NHS trusts are responsible for delivering religious and spiritual care in a way that meets the diverse needs of their patients. How they do so is a matter for local determination, particularly as these arrangements vary considerably. It is not for Ministers to intervene in these matters.
Mr. Lansley: To ask the Secretary of State for Health how many referrals have been made from general practitioner surgeries (a) directly and (b) indirectly to referral management centres using choose and book software. 
Mr. Ivan Lewis: I am informed by NHS South East Coast that the primary care trusts in East Sussex are currently discussing plans to create a centre of excellence for patients with chronic disability in East Sussex as part of the Creating an NHS Fit for the Future programme.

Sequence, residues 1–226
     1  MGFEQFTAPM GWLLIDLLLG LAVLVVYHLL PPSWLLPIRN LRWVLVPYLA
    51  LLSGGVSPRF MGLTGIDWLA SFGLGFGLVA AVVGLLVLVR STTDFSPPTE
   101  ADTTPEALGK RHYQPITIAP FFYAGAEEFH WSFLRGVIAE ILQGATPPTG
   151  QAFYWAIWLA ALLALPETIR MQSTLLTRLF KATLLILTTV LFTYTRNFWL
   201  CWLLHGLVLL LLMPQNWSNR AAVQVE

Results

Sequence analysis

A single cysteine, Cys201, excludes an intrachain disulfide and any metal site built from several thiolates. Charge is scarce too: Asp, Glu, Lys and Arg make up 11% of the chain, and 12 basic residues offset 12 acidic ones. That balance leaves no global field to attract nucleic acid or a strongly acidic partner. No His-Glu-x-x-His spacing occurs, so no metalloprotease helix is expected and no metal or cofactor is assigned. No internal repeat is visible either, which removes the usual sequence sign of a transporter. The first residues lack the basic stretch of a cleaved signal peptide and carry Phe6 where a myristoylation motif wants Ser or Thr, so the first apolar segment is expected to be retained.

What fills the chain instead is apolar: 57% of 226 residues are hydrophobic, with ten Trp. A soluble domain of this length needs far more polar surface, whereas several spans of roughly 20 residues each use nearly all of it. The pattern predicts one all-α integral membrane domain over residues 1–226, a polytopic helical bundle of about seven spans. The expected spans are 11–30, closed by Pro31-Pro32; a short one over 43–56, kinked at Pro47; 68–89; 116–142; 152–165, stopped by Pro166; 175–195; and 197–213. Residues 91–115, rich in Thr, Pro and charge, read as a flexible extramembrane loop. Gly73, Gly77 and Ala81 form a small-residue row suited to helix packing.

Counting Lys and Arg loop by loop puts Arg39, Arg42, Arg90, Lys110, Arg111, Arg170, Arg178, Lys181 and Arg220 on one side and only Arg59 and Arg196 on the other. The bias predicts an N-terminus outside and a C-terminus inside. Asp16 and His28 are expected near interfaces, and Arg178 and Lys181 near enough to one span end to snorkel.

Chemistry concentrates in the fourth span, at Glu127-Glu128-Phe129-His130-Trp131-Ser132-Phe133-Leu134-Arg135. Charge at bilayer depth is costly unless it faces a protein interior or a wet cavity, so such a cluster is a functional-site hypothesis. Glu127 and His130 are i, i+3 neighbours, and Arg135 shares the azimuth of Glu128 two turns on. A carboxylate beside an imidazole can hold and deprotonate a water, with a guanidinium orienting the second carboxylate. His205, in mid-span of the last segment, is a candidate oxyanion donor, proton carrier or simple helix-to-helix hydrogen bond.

Tim Loughton: To ask the Secretary of State for Health (1) how many patients have received cognitive behavioural therapy (CBT) in each of the last five years; how many finished episodes of CBT took place in each of the last five years; how many CBT practitioners are registered; and how many NHS staff are receiving training in CBT; 
Ms Rosie Winterton: This information is not centrally available in the requested format. That said, we have embarked on a £3.7 million programme, as set out in our 2005 manifesto and in the Our Health, Our Care, Our Say White Paper to investigate the most effective way of providing quick and easy access to talking therapies in the community. We will also be undertaking work to enable the statutory regulation for those delivering psychological therapies, which in turn will improve the clinical governance for psychological services and ensure the delivery of clinically effective interventions.
Mr. Vara: To ask the Secretary of State for Health what research her Department has (a) commissioned and (b) evaluated on the health effects surrounding the siting of (i) mobile telephone and (ii) other communications masts. 
Measurements have consistently shown that radiofrequency (RF) electromagnetic field exposures surrounding mobile phone masts (base stations) are very much lower than the international guidelines (www.ofcom.org.uk and www.hpa.org.uk/